Australia doping body have hands tied: Olympic chief
SYDNEY (Reuters) - Australia's anti-doping agency, heavily criticized after a two-year investigation into the use of banned peptides, was being forced to operate "with its hands tied behind its back", the country's Olympic chief said on Saturday.
Australian Olympic Committee (AOC) President John Coates said the failure of the government to enact legislation to coerce athletes to testify to doping authorities was severely hampering their work.
A clause in a bill which would have compelled athletes to answer questions from the Australian Anti-Doping Authority (ASADA) failed to pass in the upper house of the country's legislature in 2013.
"We are left with an act that excuses individuals from answering questions or giving information if the answer or the information might tend to incriminate them," Coates told the AOC AGM.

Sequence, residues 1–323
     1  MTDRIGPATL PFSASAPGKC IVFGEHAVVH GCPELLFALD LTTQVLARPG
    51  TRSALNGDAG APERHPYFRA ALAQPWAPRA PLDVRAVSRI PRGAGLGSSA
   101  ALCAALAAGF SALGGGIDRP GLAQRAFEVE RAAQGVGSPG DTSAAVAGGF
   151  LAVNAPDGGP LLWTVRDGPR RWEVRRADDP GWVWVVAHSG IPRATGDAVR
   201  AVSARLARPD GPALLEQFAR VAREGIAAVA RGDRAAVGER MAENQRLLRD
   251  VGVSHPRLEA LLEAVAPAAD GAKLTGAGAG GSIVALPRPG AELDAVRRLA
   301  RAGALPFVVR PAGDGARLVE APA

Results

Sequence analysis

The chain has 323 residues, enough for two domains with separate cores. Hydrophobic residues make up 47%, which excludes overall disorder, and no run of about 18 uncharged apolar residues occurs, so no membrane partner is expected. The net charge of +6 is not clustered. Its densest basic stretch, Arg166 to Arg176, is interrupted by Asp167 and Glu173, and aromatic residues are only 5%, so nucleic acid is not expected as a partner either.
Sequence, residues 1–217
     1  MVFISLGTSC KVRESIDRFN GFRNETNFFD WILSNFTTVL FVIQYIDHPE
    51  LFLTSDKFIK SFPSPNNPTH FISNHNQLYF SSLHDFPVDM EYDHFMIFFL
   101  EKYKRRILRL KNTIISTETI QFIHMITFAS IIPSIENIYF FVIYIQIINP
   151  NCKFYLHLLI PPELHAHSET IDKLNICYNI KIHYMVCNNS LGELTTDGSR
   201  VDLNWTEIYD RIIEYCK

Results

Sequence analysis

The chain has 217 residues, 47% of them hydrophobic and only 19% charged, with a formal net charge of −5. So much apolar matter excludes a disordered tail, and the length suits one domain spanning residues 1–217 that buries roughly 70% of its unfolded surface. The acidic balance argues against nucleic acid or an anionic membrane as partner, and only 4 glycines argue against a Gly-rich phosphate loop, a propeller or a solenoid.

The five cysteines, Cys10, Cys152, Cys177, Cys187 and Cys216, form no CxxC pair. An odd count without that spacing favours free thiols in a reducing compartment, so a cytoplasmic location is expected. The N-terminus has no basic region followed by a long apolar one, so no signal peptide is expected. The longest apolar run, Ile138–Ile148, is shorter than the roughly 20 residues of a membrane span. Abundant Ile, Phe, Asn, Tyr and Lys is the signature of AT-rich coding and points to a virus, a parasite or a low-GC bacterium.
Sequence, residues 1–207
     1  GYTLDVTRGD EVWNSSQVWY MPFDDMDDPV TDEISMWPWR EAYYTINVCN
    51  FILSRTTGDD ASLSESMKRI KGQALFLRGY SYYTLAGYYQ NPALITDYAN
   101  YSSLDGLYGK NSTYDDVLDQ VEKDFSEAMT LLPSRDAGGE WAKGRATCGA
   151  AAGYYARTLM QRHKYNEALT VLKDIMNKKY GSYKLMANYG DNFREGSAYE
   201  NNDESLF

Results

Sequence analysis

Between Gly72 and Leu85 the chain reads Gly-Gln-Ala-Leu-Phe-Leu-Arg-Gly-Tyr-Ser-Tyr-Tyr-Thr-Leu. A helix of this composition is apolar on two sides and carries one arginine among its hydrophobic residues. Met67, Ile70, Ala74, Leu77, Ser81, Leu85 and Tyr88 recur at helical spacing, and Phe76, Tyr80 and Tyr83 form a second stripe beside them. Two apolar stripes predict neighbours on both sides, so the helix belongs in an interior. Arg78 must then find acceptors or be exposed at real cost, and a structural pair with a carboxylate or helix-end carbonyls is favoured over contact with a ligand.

"When it comes to investigating most of the nine anti-doping rule violations which are not based on the presence of a prohibited substance in an athlete's sample, ASADA has been largely left with its hands tied behind its back."
ASADA decided last month not to appeal a decision to acquit 34 professional Australian Rules footballers of drugs charges and handed the case over to the World Anti-Doping Agency (WADA).
The Australian Football League's anti-doping tribunal had found the former and current players of the Essendon Bombers club not guilty of taking banned supplement Thymosin beta-4.
With no positive drug tests recorded, and having failed to compel key witnesses to sign sworn statements, ASADA had brought a case to the tribunal it admitted was circumstantial.
The ASADA probe was triggered by a dramatic news conference by the country's then sports minister in February 2013 on the back of a report that alleged the widespread use of banned substances in sport. Continued...